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Ribbon Mics For Live: Adding Another Dimension

A range of options for adding some sonic creativity in the live sound realm...

By Bruce Bartlett March 3, 2017

A Royer R-122 ribbon mic on a guitar amp for Keith Urban in concert.

Polar Pattern

Because the ribbon is open to sound on both sides, it has a bi-directional or figure-8 polar pattern. As a result, it’s most sensitive to sound in the front and rear of the mic, and is almost “dead” on the sides (90 degrees off axis to the left, right, top and bottom).

That’s because side-arriving sound waves strike the front and rear of the ribbon equally and push it in opposite directions, so the ribbon doesn’t move. As a result, ribbon mics offer excellent isolation if their sides are aimed at unwanted sound sources. Some manufacturers also partially close the back area to create a hypercardioid pattern.

In addition, because the ribbon is very narrow, the polar pattern in the horizontal plane tends to stay constant with frequency – unlike with moving coil and condenser mics. So ribbon designs have very little off-axis coloration, and any leakage that does get in typically will tend to sound natural as opposed to colored.

What’s more, a figure-8 pattern has more proximity effect (up-close bass boost) than cardioid or supercardioid patterns. That huge proximity effect can be used to advantage. Place a ribbon mic close to the source to boost the lows, then roll them off with EQ – you’ve just created a noise-cancelling microphone!

Figure 3: Figure-8 polar pattern (2 kHz – 8 kHz) and frequency response of the Shure KSM313/NE.

Getting Tougher

In addition, because the ribbon is very narrow, the polar pattern in the horizontal plane tends to stay constant with frequency – unlike with moving coil and condenser mics. So ribbon designs have very little off-axis coloration, and any leakage that does get in typically will tend to sound natural as opposed to colored.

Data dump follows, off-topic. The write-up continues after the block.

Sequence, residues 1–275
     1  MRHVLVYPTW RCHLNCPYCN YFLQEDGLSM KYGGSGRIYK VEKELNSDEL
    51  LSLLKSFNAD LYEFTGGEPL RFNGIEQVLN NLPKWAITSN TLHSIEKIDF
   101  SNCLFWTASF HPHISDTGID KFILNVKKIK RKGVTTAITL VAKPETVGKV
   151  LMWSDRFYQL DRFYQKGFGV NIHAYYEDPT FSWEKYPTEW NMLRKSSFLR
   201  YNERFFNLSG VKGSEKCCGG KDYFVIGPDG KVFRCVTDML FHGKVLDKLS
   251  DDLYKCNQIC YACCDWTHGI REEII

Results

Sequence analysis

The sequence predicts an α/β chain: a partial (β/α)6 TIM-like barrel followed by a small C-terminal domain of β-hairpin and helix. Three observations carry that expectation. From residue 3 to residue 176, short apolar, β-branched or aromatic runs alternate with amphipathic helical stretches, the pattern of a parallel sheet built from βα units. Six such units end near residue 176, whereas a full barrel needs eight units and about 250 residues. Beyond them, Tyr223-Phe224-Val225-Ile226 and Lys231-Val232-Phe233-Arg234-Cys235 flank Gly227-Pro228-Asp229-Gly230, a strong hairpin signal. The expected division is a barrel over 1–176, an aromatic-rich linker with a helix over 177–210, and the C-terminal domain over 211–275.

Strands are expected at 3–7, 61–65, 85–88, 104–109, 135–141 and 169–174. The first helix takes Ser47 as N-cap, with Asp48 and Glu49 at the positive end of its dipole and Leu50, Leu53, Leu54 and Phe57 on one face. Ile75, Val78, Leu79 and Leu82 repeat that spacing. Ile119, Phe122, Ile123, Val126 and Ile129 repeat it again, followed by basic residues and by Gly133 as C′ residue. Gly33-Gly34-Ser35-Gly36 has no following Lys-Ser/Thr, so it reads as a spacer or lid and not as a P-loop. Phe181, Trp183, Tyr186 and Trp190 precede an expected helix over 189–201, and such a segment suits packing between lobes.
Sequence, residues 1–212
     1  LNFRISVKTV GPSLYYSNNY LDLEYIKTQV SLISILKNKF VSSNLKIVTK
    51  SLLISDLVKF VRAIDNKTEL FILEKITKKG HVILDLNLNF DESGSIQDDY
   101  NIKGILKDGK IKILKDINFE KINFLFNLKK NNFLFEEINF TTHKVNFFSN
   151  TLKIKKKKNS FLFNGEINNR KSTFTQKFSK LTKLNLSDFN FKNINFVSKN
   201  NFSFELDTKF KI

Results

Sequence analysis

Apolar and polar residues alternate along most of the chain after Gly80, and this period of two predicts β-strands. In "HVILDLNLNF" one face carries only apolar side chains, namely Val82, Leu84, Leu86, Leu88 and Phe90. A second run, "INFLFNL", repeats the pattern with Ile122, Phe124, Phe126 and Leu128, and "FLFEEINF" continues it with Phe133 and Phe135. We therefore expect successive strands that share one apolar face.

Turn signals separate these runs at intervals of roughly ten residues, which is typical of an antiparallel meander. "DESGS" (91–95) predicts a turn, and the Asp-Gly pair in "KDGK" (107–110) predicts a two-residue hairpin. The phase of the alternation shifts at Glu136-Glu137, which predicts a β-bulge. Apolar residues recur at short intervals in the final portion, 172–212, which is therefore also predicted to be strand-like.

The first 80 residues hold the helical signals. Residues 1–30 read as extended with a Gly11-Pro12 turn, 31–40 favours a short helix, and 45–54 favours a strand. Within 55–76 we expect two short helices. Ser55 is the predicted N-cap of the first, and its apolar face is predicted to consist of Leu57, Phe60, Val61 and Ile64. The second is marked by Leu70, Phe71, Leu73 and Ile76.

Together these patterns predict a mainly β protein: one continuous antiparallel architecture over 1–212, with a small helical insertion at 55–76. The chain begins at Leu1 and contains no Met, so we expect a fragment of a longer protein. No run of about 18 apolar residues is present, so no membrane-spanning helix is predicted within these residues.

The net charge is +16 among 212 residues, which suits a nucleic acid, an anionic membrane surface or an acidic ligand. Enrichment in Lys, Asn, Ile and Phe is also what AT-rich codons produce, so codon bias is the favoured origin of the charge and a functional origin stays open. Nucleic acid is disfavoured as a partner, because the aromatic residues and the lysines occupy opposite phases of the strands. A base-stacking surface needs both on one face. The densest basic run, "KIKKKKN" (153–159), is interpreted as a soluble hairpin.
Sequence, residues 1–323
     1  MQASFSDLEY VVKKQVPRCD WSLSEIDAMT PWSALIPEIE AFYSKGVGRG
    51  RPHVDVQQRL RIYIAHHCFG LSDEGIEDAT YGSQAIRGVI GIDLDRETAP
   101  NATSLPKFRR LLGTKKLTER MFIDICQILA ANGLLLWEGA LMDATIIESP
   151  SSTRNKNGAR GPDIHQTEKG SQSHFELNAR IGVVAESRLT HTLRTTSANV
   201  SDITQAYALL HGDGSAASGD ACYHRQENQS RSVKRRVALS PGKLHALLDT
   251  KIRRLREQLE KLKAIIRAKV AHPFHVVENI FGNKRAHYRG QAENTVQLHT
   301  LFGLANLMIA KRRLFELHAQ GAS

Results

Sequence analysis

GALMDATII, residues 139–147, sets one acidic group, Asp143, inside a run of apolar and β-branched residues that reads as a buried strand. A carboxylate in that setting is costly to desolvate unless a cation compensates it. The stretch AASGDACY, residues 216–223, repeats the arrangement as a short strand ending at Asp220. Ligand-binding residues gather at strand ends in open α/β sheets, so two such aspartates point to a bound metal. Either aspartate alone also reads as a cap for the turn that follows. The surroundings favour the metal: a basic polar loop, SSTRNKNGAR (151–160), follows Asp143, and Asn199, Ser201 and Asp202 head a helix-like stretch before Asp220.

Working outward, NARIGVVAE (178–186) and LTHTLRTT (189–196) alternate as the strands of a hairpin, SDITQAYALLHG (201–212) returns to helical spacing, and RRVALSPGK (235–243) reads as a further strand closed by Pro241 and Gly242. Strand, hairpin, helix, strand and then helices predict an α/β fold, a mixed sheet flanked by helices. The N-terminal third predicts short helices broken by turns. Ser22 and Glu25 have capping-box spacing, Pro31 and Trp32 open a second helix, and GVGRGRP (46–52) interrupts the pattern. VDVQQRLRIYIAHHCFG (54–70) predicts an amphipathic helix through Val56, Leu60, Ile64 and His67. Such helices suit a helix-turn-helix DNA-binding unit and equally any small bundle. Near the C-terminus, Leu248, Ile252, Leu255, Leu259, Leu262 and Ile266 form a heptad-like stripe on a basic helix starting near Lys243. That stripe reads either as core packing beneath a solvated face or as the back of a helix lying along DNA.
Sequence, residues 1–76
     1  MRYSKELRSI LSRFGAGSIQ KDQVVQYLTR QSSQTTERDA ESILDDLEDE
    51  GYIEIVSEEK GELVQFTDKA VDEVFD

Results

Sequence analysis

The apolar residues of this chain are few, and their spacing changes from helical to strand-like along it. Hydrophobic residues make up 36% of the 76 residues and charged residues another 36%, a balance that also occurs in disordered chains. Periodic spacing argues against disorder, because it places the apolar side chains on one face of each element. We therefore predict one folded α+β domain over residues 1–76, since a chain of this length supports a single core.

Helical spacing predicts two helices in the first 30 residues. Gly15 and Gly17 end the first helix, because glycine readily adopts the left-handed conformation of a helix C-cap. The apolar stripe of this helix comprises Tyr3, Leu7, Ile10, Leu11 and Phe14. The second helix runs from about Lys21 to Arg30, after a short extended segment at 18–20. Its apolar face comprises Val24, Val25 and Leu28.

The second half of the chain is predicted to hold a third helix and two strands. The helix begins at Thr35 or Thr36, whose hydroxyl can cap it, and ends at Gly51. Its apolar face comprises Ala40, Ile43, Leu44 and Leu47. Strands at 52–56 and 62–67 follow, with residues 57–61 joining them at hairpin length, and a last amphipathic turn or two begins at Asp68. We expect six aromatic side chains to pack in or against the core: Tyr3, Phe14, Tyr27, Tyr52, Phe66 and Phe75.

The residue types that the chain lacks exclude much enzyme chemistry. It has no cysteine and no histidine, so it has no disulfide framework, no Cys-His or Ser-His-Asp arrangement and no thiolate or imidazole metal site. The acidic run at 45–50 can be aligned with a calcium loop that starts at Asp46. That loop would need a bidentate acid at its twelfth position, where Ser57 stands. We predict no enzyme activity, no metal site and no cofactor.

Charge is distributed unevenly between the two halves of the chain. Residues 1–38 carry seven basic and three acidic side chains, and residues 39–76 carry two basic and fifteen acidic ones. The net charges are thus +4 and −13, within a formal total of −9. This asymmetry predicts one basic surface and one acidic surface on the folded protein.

What’s more, a figure-8 pattern has more proximity effect (up-close bass boost) than cardioid or supercardioid patterns. That huge proximity effect can be used to advantage. Place a ribbon mic close to the source to boost the lows, then roll them off with EQ – you’ve just created a noise-cancelling microphone!

Getting Tougher

Figure 3 shows a typical polar pattern and frequency response of a ribbon mic, while Figure 4 offers another polar pattern, frequency response and proximity effect measurement. Note that most ribbons are side-addressed, but models by beyerdynamic are end-addressed.

A ribbon is extremely thin and loosely stretched, so it can be deformed easily – even if corrugated. A sharp blow or air puff can damage the ribbon element.

However, new roadworthy designs use thicker material. For example, Royer developed a new ribbon thickness for the R-121 Live microphone that increases durability with little effect on gain and transient response. According to Royer, the sonic difference is negligible.

Figure 4: The polar pattern of the end-addressed beyerdynamic M 160, along with its frequency response and proximity effect.

The benefits are additional resilience at extreme SPL, high tensile strength, toughness, and shape memory.Further, Audio-Technica’s proprietary MicroLinear ribbon imprint protects ribbon elements from lateral flexing and distortion, while the Shure KSM313 uses a “Roswellite” ribbon material that replaces the traditional foil ribbon.

Some new models also have thicker grille wires, stronger housings, and heavy-duty shock mounts for added protection.

Ribbon mics, in general, are not affected by heat or humidity, and current models can withstand very high sound levels, typically 146 dB SPL.


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About Bruce

Bruce Bartlett
Bruce Bartlett

Recording Engineer
   
AES and SynAudCon member Bruce Bartlett is a recording engineer, audio journalist, and microphone engineer. His latest books are Practical Recording Techniques and Recording Music On Location.
http://www.bartlettaudio.com

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